After the 6-to-3 Supreme Court vote that invalidated Congress’ s 2002 law granting American citizens born in Jerusalem the right to have their passports show “Israel” as their place of birth, non-lawyers have asked me, “Can this decision be appealed?”
Obviously not. A majority of the Supreme Court has the last word on constitutional questions. Robert H. Jackson, a brilliant Supreme Court justice, famously said in a 1953 concurring opinion, “We are not final because we are infallible, but we are infallible only because we are final.”
Even in the constitutional-law arena, however, there is some comfort in knowing that the Supreme Court’s three intellectual heavyweights – Chief Justice Roberts and Justices Scalia and Alito – agreed with our constitutional argument and with our comprehensive summary of American history on the central question of whether the president has the exclusive power to recognize foreign sovereigns.
Justice Scalia called the majority’s decision “a rule that is blatantly gerrymandered to the facts of this case” and observed that “no consistent or coherent theory supports the Court’s decision.” The result that the majority strained to reach proves that feebleness overcomes even a majority of the Supreme Court and paralyzes them if they are told that their decision affects Jerusalem and may set off what Justice Elena Kagan, during oral argument of the case, called a “tinderbox.”
So the president is the only one who can constitutionally declare, on behalf of the U.S. government, that Jerusalem is in Israel. One obvious response to the Supreme Court’s ruling is to demand of all candidates for the 2016 election that they commit to American recognition of Jerusalem as within Israel. That would require the State Department’s Passport Office to permit anyone born in Jerusalem (for example at Shaare Zedek Hospital) to carry a passport declaring “Israel” as his or her “place of birth.”
The president’s declaration power is, as Justice Kennedy said on page 27 of his 30-page majority opinion, “quite narrow.” Kennedy added that this exclusive presidential power “extends no further than his formal recognition determination” and pointed out that while “Congress may not enact a law that directly contradicts” the president’s declaration, Congress is free to “express its disagreement with the President in myriad ways.” Kennedy’s majority opinion goes to great lengths to affirm and re-affirm the extensive authority Congress has over all aspects of foreign policy apart from the solitary act of recognition.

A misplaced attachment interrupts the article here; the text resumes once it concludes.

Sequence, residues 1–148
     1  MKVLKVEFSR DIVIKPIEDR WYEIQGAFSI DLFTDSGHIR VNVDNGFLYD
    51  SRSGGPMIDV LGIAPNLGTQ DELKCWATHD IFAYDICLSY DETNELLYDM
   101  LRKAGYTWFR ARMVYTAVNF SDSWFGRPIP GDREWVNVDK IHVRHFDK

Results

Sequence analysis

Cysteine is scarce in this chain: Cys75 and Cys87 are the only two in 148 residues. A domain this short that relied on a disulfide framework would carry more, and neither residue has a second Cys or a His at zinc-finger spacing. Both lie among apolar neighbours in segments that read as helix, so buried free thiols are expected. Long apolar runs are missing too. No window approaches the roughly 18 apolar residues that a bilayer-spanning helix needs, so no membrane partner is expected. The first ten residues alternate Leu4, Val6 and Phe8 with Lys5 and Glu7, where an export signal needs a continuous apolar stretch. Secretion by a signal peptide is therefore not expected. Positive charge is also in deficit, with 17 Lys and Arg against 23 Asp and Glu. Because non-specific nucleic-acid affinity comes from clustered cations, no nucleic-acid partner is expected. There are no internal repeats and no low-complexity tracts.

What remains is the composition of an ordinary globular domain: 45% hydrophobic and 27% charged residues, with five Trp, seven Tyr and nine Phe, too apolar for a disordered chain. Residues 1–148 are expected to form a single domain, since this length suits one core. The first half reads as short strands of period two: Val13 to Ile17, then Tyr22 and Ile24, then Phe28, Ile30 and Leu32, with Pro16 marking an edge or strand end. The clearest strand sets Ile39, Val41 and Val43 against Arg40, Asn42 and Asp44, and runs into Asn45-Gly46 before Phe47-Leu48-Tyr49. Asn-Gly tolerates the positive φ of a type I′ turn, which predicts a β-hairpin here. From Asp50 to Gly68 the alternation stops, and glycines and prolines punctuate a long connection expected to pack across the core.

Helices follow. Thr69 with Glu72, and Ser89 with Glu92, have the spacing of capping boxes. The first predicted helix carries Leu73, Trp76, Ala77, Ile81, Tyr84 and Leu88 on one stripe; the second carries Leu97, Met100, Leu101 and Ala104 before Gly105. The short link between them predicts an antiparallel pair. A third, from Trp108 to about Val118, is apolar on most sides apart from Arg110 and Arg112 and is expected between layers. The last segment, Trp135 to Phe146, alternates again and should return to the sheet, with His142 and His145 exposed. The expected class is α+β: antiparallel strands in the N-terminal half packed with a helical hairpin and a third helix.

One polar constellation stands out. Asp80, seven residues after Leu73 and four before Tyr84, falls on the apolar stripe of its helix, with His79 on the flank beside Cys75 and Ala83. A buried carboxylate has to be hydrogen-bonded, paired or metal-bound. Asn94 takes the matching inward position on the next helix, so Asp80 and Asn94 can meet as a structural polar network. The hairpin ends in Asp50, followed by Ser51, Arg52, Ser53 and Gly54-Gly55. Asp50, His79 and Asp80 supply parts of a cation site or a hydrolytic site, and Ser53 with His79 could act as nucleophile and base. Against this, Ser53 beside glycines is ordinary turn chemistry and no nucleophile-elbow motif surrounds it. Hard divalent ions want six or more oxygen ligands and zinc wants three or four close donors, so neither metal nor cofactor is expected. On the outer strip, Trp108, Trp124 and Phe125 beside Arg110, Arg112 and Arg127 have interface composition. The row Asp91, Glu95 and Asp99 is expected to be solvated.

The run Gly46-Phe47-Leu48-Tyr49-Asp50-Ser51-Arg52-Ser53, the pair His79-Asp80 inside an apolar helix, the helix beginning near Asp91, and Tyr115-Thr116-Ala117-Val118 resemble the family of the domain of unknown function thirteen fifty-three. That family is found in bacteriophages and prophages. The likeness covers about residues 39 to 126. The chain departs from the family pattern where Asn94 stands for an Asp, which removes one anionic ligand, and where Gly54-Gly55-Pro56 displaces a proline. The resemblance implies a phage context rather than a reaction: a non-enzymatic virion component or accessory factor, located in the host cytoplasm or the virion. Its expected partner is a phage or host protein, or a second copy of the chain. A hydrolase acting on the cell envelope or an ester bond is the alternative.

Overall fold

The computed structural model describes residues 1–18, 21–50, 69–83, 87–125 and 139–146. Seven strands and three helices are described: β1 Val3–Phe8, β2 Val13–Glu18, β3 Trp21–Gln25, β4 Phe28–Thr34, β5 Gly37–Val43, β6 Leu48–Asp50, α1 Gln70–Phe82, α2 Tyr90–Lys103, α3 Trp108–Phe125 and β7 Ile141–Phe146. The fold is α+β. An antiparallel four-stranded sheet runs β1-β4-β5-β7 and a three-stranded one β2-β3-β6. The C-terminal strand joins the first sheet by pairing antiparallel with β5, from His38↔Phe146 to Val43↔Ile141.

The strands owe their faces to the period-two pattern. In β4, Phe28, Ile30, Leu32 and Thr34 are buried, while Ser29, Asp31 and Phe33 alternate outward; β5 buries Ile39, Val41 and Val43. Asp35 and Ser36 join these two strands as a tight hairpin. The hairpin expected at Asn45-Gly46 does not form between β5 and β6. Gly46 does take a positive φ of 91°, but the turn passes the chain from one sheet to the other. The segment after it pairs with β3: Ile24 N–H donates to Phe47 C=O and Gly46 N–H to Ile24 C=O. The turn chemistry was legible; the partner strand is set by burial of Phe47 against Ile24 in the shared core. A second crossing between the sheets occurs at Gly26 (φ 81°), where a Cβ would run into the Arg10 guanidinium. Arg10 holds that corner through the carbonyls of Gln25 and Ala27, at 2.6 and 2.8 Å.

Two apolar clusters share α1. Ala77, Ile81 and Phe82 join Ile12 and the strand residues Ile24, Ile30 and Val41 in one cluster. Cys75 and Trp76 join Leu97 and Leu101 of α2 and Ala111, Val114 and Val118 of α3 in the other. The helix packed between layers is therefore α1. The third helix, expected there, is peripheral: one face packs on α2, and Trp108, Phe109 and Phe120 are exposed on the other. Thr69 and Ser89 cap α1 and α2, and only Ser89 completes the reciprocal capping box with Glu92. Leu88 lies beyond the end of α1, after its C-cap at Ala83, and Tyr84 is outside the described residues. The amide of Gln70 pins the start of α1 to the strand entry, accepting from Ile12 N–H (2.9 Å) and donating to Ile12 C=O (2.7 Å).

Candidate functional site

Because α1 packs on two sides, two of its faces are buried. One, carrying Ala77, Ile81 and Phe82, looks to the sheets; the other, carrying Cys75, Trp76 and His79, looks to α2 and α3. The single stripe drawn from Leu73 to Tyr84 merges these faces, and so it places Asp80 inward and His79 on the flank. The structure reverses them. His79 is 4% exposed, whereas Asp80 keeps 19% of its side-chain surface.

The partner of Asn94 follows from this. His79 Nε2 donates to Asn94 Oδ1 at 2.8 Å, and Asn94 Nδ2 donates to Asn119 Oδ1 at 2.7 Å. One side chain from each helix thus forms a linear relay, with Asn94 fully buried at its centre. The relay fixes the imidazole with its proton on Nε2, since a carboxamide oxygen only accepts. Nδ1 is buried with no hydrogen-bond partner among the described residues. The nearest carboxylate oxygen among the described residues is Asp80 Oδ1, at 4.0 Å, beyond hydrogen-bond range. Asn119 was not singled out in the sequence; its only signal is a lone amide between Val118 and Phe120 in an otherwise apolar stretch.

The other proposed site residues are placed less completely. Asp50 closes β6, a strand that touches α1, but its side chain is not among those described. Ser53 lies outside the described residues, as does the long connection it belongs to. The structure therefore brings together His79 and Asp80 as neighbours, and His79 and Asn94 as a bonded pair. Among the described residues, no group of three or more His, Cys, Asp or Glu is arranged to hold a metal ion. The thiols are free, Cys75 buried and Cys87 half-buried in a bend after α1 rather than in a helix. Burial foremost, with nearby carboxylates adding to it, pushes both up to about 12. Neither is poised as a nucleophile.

In a 1936 majority opinion, Supreme Court Justice George Sutherland said that the president is “the sole organ of the federal government in the field of international relations.” That overbroad statement has confounded constitutional scholars, and they have attacked it as plainly wrong. In its briefs in the Jerusalem passport case the government cited that case ten times. Justice Kennedy went out of his way to discuss it (as did Chief Justice Roberts in his dissent) and he said, “This Court declines to acknowledge that unbounded power.”
Rather, he said, the 1936 opinion “did not hold that the President is free from Congress’ lawmaking power in the field of international relations. . . . But whether the realm is foreign or domestic, it is still the Legislative Branch, not the Executive Branch, that makes the law.”
At the conclusion of his opinion for a Court majority, Kennedy observed that in invalidating the 2002 law “the Court does not question the substantial powers of Congress over foreign affairs in general or passports in particular.” (The emphasis is mine.) In other words, Congress has broad authority to pass laws that relate to passports. Laws enacted by Congress concerning applications for passports and the issuance of passports appear in Title 22 of the United States Code.